Tuesday, October 25, 2016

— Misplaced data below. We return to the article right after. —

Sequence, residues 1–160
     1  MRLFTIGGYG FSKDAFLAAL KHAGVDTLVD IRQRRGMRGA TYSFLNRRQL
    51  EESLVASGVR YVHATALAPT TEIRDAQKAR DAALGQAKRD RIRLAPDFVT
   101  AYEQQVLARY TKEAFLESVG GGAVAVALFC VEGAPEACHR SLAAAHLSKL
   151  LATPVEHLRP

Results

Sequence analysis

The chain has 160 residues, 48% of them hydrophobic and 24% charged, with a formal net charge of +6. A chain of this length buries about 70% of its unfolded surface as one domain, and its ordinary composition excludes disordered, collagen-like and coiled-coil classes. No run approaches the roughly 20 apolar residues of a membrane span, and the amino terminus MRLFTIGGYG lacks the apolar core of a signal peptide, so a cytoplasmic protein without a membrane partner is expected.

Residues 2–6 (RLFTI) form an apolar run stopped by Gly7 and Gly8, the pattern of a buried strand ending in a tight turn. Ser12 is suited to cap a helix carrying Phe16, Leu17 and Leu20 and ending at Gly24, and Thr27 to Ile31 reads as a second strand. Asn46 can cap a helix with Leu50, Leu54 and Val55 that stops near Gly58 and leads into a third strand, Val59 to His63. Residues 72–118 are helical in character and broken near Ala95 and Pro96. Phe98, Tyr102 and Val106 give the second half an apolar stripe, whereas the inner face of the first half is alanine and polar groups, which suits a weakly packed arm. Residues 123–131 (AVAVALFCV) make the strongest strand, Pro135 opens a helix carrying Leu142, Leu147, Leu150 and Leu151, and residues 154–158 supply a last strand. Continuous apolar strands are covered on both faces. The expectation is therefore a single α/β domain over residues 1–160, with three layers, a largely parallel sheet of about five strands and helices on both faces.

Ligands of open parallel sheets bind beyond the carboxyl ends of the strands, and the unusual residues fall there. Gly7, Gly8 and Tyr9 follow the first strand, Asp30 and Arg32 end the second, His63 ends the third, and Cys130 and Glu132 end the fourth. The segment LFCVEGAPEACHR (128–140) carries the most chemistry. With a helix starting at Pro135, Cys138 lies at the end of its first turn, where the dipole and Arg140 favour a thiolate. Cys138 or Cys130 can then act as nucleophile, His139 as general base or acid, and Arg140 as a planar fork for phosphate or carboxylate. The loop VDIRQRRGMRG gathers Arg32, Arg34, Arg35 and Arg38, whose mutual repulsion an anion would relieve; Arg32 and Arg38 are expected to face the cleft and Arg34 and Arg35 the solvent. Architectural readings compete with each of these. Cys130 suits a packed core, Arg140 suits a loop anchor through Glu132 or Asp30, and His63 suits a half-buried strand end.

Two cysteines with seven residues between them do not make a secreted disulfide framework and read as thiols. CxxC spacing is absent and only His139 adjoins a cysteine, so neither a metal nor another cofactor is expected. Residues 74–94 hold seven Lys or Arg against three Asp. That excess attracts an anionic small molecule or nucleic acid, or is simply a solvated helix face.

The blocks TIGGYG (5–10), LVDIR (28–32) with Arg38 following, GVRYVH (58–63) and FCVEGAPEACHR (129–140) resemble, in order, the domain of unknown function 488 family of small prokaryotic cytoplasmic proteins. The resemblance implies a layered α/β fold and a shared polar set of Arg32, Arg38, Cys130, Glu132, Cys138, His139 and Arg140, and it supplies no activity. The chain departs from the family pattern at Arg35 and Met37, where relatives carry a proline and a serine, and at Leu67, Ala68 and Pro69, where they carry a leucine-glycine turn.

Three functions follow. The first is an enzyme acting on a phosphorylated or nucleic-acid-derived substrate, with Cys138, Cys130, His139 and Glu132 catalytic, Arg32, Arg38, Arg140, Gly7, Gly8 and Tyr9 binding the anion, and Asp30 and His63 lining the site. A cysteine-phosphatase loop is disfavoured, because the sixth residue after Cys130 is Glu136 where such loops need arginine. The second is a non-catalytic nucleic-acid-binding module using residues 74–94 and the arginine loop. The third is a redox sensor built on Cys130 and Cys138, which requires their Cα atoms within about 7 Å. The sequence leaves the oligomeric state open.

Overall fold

I’ve spent a lot of time in the Oakville Trafalgar hospital over the past 3 weeks. My dad, who will be 88 in a couple of weeks, fell and broke his hip. The last time my dad was in a hospital was in 1940. You can imagine his surprise at how health care has evolved in 76 years. The hospital is brand new and I joked to my sister that it felt like being in health care mall or as one man said to me as he sped by me “I feel like I am in an airport.” The hospital is bright and beautiful and there is a blend of traditional and complementary health care services available. Visitors are allowed any time and we were allowed to take whatever food we wanted to my dad. He had his steady stream of fresh, locally grown, organic (as much as possible) food that was made by us. The smoothie vendor in the hospital happily added his hemp hearts to the smoothie. The woman in the next room was from Greece and she enjoyed her diet of greek food. Signs everywhere alluded to the power of art in the healing process. There is a baby grand piano in the main lobby and volunteers perform regularly. Patients are wheeled down to watch and the concerts are full of patients and family members. We sat beside a handi transit driver who had bought his client a coffee and they were enjoying the concert before the trip home. My dad was on the re-hab floor for 2 weeks and on that floor there were special events like an accordion player and Christmas card making one afternoon. Local artists are in the hospital on a regular basis setting up their stands to display and sell their goods. The hospital was a positive and inspiring place to be for family as well as the patients. It certainly helped me feel hopeful and healthy and that has to be good for my dad. Last weekend my friends and I headed down to Waterloo to attend the celebration of life of our good friend Bob Blake. Bob has been a cottager in Haliburton for over 60 years and he has been my friend since about 1990. He was a very smart, interested and interesting man. He had lots of opinions and was always learning. He really loved life, his family and his cottage. He was my biggest fan. He read all of my articles and we always talked about them when I saw him. His celebration began with a 5 piece brass jazz band leading the family down the aisle of the church. They were playing “I’ll Fly Away” and the entire congregation was tapping their toes and singing or humming. Bob would have loved that! He loved music. The band played a song part way through the service and lead the family out at the end to “When the Saints Go Marching In.” I felt like we danced Bob on his way be with his wife Noreen and his friends that have already passed. Beautiful stories were shared about Bob and the music lifted everyone’s spirits. A caring and joyful celebration carefully prepared by people who loved him. That’s how I want to be celebrated when I go.